19 For let us grant that the people would rather
• Waxen masks of ancestors with accompanying inscriptions would imply the antiquity and nobility of one's family.
& The plural is generic, meaning intelligent and educated people.
quam Decio mandare novo, censorque moveret 20 Appius, ingenuo si non essem patre natus : vel merito, quoniam in propria non pelle quiessem. sed fulgente trahit constrictos Gloria curru non minus ignotos generosis. quo tibi, Tilli, sumere depositum clavum fierique tribuno ? 25 invidia accrevit, privato quae minor esset. nam ut quisque insanus nigris medium impediit crus pellibus et latum demisit pectore clavum, audit continuo: “quis homo hic est3 ?” quo patre
natus ? uto si qui aegrotet quo morbo Barrus, haberi 30 et cupiat formosus, eat quacumque, puellis iniciat5 curam quaerendi singula, quali sit facie, sura, quali pede, dente, capillo : sic qui promittit civis, urbem sibi curae, imperium fore et Italiam, delubra deorum, 35 quo patre sit natus, num ignota matre inhonestus, omnis mortalis curare et quaerere cogit.
tune, Syri, Damae, aut Dionysi filius, audes deicere de saxo civis aut tradere Cadmo ? “ at Novius collega gradu post me sedet uno : 40 1 impediit Porph. : impediet mss. 2 dimisit DEK.
3 est aDE : et CK: aut Bentley. 6 inliciat CK Goth.
cogit K : cogat mes. a A reference to the well-known fable of the Ass in the Lion's Skin. P. Decius Mus, first of a plebeian family to become a consul, sacrificed himself in the Latin war (Livy, viii. 6).
o The laticlave or broad stripe (cf. Sat. i. 5. 36) of purple on the tunic was a mark of the senatorian order. Tillius, according to the scholiasts, was removed from the senate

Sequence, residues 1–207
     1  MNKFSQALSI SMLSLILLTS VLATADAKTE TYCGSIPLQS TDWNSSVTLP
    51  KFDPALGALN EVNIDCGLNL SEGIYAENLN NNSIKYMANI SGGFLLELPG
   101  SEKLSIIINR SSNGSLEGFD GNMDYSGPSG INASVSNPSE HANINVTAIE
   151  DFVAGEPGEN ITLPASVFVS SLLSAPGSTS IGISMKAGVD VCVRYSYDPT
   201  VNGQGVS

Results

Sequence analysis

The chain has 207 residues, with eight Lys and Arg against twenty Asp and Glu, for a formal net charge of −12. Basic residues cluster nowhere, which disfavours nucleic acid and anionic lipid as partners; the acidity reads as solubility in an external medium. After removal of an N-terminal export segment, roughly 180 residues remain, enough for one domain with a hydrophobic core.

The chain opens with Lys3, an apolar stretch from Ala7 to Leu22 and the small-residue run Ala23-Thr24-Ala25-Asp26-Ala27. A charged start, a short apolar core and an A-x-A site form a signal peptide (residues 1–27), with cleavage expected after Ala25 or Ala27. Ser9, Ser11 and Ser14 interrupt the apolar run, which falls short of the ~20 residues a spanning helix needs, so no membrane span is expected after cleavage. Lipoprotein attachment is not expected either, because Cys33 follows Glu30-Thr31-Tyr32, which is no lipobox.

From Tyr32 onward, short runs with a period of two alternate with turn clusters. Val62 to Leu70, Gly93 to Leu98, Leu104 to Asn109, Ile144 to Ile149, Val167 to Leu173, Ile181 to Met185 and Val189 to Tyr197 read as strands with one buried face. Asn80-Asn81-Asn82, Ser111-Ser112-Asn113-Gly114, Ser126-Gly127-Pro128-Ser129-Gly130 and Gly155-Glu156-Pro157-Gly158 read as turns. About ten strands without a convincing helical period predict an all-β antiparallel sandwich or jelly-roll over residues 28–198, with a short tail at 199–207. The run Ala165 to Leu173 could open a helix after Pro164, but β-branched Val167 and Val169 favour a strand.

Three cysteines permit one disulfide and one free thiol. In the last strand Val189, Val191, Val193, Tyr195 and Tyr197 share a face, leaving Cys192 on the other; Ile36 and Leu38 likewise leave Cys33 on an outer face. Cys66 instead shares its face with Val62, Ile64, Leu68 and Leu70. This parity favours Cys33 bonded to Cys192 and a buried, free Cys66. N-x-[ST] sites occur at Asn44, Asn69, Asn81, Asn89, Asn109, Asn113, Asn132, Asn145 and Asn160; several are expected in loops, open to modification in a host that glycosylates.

4 et 0.
give office to a Laevinus than to an unknown Decius, and that an Appius as censor would strike out my name if I were not the son of a free-born fatherand quite rightly, for not having stayed quiet in my own skin. The truth is, Vanity drags all, bound to her glittering car, the unknown no less than the well known. What good was it to you, Tillius, to assume the stripe once doffed and become a tribune ? Envy fastened on you afresh, but would be less, were you in a private station. For as soon as any man is so crazy as to bind the black thongs half way up his leg, and to drop the broad stripe down his breast, at once he hears : What fellow is this? What was his father ? Just as, if one should suffer from the same malady as Barrus, and long to be thought handsome, then' wherever he went he would make the girls eager to ask about details what his face was like, his ankle, his foot, his teeth, his hair : so he who takes it upon himself to look after his fellow-citizens and the city, the empire and Italy and the temples of the gods, compels all the world to take an interest, and to ask who was his father, and whether he is dishonoured through an unknown mother.
you, the son of a Syrus, a Dama, a Dionysius, dare to fling from the rock or to hand over to Cadmus citizens of Rome ?
But,” you say, “ Novius, my colleague, sits one row by Julius Caesar, but after the Dictator's death resumed this dignity and also became a military tribune.
• Senators wore a peculiar shoe, fastened by four black thongs bound about the leg.
d These are common slave-names.
e i.e. the Tarpeian rock from which criminals were sometimes thrown by order of a tribune. Cadmus was a public executioner.